Continuing a pattern: Countries, states, businesses, and cities that begin seriously implementing renewable energy meet with greater success, sooner, at less cost, than even the most optimistic proponents would have imagined.
On Monday, [Khady] Koita, a leading figure in the campaign against female genital mutilation (FGM), will join other high-profile activists at the United Nations to drum up support for a global ban on a practice forced on millions of children every year.
"FGM is horrific, brutal, degrading and indefensible," said Koita, who was born in Senegal and now lives in Brussels. "My big hope is that one day no girl will have to go through what I have been through."
Steven Pinker charts the decline of violence from Biblical times to the present, and argues that, though it may seem illogical and even obscene, given Iraq and Darfur, we are living in the most peaceful time in our species’ existence.
Howard Zinn: The Optimism of Uncertainty
We don’t have to engage in grand, heroic actions to participate in the process of change. Small acts, when multiplied by millions of people, can transform the world. Even when we don’t “win,” there is fun and fulfillment in the fact that we have been involved, with other good people, in something worthwhile. We need hope. An optimist isn’t necessarily a blithe, slightly sappy whistler in the dark of our time. To be hopeful in bad times is not just foolishly romantic. It is based on the fact that human history is a history not only of cruelty, but also of compassion, sacrifice, courage, kindness. What we choose to emphasize in this complex history will determine our lives. If we see only the worst, it destroys our capacity to do something. If we remember those times and places — and there are so many — where people have behaved magnificently, this gives us the energy to act, and at least the possibility of sending this spinning top of a world in a different direction. And if we do act, in however small a way, we don’t have to wait for some grand utopian future. The future is an infinite succession of presents, and to live now as we think human beings should live, in defiance of all that is bad around us, is itself a marvelous victory.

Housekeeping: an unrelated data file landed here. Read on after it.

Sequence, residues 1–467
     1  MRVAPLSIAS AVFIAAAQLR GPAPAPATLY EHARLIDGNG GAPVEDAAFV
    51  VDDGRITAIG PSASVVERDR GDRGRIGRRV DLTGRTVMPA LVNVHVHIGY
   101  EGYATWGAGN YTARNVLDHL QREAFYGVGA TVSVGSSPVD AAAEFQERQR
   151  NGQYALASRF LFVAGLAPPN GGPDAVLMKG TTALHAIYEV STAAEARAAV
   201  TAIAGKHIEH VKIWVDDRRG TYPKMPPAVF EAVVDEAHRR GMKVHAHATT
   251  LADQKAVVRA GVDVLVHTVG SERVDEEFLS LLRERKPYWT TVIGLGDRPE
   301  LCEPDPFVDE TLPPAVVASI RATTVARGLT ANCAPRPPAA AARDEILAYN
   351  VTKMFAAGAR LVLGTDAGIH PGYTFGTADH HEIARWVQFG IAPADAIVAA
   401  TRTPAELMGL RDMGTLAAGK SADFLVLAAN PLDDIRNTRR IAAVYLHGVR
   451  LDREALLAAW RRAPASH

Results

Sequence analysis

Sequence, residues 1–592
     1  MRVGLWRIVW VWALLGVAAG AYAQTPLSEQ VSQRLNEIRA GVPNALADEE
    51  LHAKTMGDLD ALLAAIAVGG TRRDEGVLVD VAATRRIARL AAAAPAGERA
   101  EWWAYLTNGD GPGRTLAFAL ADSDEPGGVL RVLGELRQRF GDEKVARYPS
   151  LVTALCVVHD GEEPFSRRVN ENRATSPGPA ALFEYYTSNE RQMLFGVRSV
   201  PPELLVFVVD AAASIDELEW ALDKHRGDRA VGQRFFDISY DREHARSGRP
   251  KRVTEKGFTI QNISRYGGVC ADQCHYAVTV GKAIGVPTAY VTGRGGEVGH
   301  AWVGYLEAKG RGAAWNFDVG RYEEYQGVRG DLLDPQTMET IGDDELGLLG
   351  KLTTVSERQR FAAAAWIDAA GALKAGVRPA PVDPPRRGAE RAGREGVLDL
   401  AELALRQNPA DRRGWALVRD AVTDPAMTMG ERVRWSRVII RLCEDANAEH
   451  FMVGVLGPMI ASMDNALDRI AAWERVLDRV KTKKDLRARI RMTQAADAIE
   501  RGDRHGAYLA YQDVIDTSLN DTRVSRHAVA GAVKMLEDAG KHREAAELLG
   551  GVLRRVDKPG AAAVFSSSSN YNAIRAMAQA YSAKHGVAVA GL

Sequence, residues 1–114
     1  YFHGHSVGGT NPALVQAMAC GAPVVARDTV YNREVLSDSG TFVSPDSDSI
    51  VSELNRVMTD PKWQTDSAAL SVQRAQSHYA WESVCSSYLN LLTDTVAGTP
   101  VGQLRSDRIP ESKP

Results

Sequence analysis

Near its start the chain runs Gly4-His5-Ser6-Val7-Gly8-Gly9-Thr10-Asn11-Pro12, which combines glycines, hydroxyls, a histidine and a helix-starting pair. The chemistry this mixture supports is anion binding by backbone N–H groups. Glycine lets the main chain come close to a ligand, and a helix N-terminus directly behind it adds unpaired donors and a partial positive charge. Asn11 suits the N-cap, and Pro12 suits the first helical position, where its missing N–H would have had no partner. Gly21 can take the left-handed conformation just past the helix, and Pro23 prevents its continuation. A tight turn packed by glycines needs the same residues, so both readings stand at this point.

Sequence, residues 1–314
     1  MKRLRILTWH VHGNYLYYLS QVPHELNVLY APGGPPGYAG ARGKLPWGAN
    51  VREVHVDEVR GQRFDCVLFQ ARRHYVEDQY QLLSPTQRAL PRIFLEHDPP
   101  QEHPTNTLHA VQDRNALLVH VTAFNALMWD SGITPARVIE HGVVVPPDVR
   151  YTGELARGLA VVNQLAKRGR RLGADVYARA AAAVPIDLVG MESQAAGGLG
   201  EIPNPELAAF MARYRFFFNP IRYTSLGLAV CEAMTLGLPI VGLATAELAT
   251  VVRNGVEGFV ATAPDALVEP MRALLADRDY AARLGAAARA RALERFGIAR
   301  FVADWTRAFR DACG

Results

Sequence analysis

Telling the truth when tempted to lie can significantly improve a person’s mental and physical health, according to a “Science of Honesty” study presented at the American Psychological Association’s 120th Annual Convention.
“Recent evidence indicates that Americans average about 11 lies per week. We wanted to find out if living more honestly can actually cause better health,” said lead author Anita E. Kelly, PhD, professor of psychology at the University of Notre Dame. “We found that the participants could purposefully and dramatically reduce their everyday lies, and that in turn was associated with significantly improved health.”
Finally, public opinion around the biotech industry’s contamination of our food supply and destruction of our environment has reached the tipping point. We’re fighting back.
Instead of cataloging only what is going wrong, the International Union for the Conservation of Nature will now also track and reward successful efforts to conserve species and their environments.